As more homeowners are starting to realize the advantages of having a foundation inspection that is scientific, objective, and thorough, using industry standards, and engineering oversight, the industry is struggling to adapt to these expectations.
I received a phone call the other day from a distraught homeowner. Lets call her Mary. Mary shares a common wall with her neighbor. Like her neighbor, she noticed signs of foundation movement…. Cracks in drywall, sloped floors, and door and windows out of square. A month or so earlier we completed one of our engineered foundation investigations on her common wall neighbor, and Mary was impressed with the report and felt like she needed to have her foundation investigated as well.
This is where Mary gets a little sideways. She logically assumed that she could get something comparable from another foundation repair contractor and thus get in effect a 2nd opinion for both properties. So she had paid for an investigation and waited.
To her chagrin, (according to Mary) a representative showed up and delivered a quote to have geotechnical borings done on her property for $4500. That’s it. Nothing more. I have the greatest respect and admiration for geotechnical engineers and value their input on almost daily basis. But this is not the place to start on a foundation investigation.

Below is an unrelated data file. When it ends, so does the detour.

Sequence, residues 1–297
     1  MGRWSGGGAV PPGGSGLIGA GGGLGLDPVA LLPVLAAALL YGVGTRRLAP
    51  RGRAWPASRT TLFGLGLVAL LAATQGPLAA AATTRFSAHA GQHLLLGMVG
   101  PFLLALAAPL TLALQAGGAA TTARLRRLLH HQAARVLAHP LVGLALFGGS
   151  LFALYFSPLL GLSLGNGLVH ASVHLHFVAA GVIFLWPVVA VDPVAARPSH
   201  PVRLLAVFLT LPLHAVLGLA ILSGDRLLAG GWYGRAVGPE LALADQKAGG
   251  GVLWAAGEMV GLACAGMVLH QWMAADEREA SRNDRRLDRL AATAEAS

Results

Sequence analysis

According to the Foundation Performance Association and the Texas Chapter of the American Society of Civil Engineers, there are 3 basic levels of a foundation assessment. In short they are:
- Visual look around and observation of key critical factors (see the document for those factors)
- Manometer survey, damage map, aerial photos, tilt and deflection analysis (as the main items)
- Full investigation including borings, petrogrphical analysis, Review of all available records and reports and many more in-depth items.
Level 3 is usually reserved for legal or insurance cases. Level 1 is basically to see if there is anything worth investigating. Level 2 is where most of the work is done.
Because helical and push piles return soil information that is valuable feedback on soil properties, borings have a limited value on lightly loaded structures as long as the safety factors are high enough to compensate for uncertainty (say like 6 to 1). Sometimes borings can help with diagnosis when the data on a level B investigation is contradictory, confusing the interpretation. This is fairly rare. From my experience maybe .5% of the time. (1 in 200)
I hope that the industry in general learns to conduct scientific investigations that are objective, and thorough, using industry standards, and engineering oversight. Even if it means they become better competitors. In the meantime know what you are getting before you pay for it.